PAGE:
State of Logistics Report shows “unremarkable” year for industry as logistics costs reach $1.28 trillion.
By Mark B. Solomon
Senior Editor DC Velocity
In 2011, the nation’s business logistics system had one of those years that people won’t feel the need to forget—but they won’t feel the urge to remember either.
The 23rd annual “State of Logistics Report,” which chronicled the nation’s logistics output for the year, showed a modest change over 2010 totals. U.S. logistics costs reached $1.28 trillion, a 6.6-percent increase over 2010 levels and a 17 percent increase over the trough in 2009 as the U.S. grappled with the financial crisis and subsequent recession. (Total logistics costs are calculated by adding together business inventory costs, transportation costs, shipper-related costs, and logistics administration costs.)
Logistics costs as a percentage of nominal gross domestic product (GDP), a ratio often cited to measure the supply chain’s efficiency in moving the nation’s output, rose to 8.5 percent in 2011, up slightly from 8.3 percent in 2010. In 2009, the figure dropped to 7.8 percent.
In the 1990s, as the nation’s supply chain was shaking off the yokes of rail and truck regulation and bringing free-market processes to bear on the marketplace, a ratio in the single digits was hailed as a breakthrough in logistics productivity.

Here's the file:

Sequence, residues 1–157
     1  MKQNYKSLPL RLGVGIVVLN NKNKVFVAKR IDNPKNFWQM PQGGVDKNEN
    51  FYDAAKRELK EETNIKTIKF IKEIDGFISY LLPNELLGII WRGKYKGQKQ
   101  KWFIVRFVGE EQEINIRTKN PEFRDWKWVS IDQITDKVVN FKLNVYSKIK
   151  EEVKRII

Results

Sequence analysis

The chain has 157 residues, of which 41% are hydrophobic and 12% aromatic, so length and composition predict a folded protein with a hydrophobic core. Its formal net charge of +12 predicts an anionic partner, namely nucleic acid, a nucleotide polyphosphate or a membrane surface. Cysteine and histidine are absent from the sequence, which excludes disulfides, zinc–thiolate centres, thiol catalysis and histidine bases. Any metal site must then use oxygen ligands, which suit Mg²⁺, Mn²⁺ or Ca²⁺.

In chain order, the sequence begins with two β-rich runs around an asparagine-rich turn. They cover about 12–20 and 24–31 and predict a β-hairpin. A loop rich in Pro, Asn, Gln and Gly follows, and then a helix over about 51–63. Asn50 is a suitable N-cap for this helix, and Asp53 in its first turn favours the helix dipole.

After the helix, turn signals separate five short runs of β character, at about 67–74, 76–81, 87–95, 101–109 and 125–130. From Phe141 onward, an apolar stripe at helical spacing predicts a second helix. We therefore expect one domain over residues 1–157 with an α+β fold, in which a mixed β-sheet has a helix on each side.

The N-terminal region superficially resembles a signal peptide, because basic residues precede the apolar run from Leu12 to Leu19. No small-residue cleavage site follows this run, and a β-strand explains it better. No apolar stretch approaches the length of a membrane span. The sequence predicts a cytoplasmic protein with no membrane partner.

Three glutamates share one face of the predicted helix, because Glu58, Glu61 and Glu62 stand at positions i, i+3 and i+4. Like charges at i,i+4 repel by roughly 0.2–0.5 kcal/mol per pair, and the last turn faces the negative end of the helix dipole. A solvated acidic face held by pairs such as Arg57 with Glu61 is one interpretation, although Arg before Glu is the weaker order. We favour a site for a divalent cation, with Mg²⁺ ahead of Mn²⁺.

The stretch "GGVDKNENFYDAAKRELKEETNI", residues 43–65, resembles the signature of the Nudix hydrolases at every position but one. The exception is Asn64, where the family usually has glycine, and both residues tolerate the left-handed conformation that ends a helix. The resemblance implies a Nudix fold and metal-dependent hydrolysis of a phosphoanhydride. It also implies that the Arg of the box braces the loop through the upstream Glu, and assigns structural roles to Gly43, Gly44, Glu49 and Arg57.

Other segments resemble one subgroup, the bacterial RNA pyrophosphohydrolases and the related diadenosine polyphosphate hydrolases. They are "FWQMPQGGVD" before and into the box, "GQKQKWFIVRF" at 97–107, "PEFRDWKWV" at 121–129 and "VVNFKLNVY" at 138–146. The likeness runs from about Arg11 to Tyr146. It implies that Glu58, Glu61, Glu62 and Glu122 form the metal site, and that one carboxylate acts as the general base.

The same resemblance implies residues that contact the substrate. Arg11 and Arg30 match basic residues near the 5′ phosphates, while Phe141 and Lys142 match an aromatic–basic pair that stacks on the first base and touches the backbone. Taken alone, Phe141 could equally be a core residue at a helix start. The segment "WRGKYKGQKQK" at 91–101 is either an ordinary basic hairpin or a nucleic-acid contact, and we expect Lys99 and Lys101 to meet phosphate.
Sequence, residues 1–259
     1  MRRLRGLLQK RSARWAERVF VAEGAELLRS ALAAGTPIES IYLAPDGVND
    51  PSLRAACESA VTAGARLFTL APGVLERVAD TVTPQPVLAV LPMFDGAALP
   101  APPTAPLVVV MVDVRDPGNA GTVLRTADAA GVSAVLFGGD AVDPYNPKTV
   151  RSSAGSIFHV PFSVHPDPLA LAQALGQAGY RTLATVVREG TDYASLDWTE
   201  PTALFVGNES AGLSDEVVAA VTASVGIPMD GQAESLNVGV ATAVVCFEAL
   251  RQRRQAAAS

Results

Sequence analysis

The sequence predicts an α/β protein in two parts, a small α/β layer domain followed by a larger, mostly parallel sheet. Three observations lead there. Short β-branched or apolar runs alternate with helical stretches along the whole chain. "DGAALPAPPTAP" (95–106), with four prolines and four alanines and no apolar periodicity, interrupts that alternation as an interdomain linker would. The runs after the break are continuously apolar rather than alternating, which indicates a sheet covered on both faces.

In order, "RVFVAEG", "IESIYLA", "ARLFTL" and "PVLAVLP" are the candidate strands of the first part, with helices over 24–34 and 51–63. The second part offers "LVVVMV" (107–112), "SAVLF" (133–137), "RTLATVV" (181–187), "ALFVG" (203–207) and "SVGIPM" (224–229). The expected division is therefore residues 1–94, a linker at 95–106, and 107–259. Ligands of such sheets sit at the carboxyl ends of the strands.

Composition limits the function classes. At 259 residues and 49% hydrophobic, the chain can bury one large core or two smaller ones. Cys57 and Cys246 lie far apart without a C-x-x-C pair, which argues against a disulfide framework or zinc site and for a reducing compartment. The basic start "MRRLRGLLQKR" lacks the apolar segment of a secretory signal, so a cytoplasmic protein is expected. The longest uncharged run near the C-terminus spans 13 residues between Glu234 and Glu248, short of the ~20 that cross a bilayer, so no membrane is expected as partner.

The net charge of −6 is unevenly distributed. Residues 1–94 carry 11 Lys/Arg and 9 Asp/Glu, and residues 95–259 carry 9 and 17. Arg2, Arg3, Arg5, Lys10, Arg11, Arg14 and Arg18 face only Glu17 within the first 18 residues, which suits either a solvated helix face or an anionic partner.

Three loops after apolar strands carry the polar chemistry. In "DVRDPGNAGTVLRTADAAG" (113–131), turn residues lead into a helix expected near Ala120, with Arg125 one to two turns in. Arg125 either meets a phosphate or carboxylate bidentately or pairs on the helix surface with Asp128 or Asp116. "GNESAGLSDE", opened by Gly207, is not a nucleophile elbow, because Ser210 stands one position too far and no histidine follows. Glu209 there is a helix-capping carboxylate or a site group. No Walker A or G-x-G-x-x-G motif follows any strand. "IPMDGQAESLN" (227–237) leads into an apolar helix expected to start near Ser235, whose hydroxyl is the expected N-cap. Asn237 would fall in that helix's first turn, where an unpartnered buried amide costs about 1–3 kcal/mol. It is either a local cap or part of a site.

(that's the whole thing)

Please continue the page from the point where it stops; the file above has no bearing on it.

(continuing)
Over the past three years, however, a low ratio has come to underscore a significant decline in shipping expenditures and transportation costs as shippers and carriers downshifted in response to a severe decline in economic activity from the levels of five or six years ago.
The findings of the 2011 report, which were released June 13 in Washington, D.C., paralleled what turned out to be a static year for the nation’s economy. After a year of peaks and valleys, U.S. economic activity ended 2011 relatively flat over 2010 levels, with GDP growth rising by an anemic 1.7 percent.
Correspondingly, the freight transport industry started the year with strong gains in volumes and significantly higher freight payments through its first half, according to the report. However, the economy began to slow down in July, with the only sign of strength being an earlier-than-normal buildup of inventories ahead of the July 4 holiday, the report said.
Overall, Rosalyn Wilson, the report’s author, called 2011 a “rather unremarkable year” for logistics statistics. Still, her 25-page analysis was sprinkled with more optimistic comments than were found in the last two distinctly downbeat reports.
“Things have not been especially robust in the first half of 2012,” she wrote. “However, there are enough signs of improvement that [the] economy really does seem to be on the way up.”
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